Westminster City Council has decided to turn off its CCTV network to save £1 million a year. Despite the benefits to crime prevention and public safety, they say they can no longer afford to provide a non-statutory service that is not required by law.
The Cabinet Report states that the evidence that CCTV alone plays a significant role in preventing general crime and improving safety is limited and that the service primarily benefits the Police in terms of securing prosecutions and the operational deployment of resources, but who do not make any financial contribution to the revenue costs of the system, while the operational benefit to the Council is limited and as such, continued investment in the service cannot be justified at a time of financial restraint.
The Report goes on to say that the current CCTV system is reaching the end of its operational life, contracts for control room staffing and maintenance of the system are due to expire over the next year and the expected annual revenue cost for the continued provision of CCTV cannot be met within existing budget projections.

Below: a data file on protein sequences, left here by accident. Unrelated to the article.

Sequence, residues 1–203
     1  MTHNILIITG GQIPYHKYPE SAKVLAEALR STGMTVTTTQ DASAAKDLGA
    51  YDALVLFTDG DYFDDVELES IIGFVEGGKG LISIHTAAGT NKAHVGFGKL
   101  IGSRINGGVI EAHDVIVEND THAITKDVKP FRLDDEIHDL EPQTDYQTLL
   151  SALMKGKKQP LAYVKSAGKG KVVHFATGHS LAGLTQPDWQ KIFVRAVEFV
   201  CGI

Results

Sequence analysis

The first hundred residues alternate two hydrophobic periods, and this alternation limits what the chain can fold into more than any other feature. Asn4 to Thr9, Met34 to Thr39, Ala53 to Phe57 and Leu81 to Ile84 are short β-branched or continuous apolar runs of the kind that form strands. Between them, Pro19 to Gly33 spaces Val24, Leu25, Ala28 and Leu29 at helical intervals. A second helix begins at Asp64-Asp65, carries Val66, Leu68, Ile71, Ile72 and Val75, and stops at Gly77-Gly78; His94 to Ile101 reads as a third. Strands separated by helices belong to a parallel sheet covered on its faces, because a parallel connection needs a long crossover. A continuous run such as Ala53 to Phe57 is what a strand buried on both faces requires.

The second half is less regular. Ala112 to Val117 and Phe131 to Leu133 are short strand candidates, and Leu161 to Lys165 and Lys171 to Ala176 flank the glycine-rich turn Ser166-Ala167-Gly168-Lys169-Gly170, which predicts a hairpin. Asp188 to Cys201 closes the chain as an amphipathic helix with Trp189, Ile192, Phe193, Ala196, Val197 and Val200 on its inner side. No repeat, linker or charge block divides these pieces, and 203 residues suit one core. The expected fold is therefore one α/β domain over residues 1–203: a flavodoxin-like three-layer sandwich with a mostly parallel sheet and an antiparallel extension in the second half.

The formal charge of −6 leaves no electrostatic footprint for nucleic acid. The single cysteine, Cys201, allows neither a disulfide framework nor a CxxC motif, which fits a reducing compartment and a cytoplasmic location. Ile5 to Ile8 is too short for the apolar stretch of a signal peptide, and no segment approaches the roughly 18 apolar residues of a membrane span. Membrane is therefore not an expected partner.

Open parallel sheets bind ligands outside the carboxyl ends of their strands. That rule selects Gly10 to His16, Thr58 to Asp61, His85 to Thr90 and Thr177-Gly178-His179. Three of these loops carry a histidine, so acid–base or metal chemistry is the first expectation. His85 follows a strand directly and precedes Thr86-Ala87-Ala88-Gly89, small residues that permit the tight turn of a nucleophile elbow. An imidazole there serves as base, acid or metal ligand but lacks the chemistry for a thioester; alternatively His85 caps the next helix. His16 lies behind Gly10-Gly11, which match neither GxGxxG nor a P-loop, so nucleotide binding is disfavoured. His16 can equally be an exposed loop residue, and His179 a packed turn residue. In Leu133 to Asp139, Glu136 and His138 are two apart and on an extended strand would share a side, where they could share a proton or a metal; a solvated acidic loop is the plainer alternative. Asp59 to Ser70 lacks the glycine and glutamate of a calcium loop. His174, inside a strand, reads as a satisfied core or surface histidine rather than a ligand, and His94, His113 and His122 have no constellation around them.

While under section 17 of the Crime and Disorder Act 1998, the Council has a general power to do all it reasonably can to prevent crime and disorder, there is no statutory duty to provide CCTV and as the impact of CCTV on crime prevention is considered to be limited the Council says that the decision to decommission their CCTV service does not breach the Council’s statutory duties.
All local authorities are under increasing budgetary constraints and are looking at whether they can continue to provide non-statutory services. I suspect that in time and in most cases they will no longer be able to do so. The public is going to have to get used to a very different level of service provision from their local authorities, where the only services they provide are those they are legally obliged to provide.
But even where statutory duties are imposed on local authorities, we are seeing a push from central government towards duties being moderated by the concept of affordability.
The bigger question is whether this marks the beginning of the end for even essential local authority functions.
This article is for general information purposes only and does not constitute legal or professional advice. It should not be used as a substitute for legal advice relating to your particular circumstances. Please note that the law may have changed since the date of this article.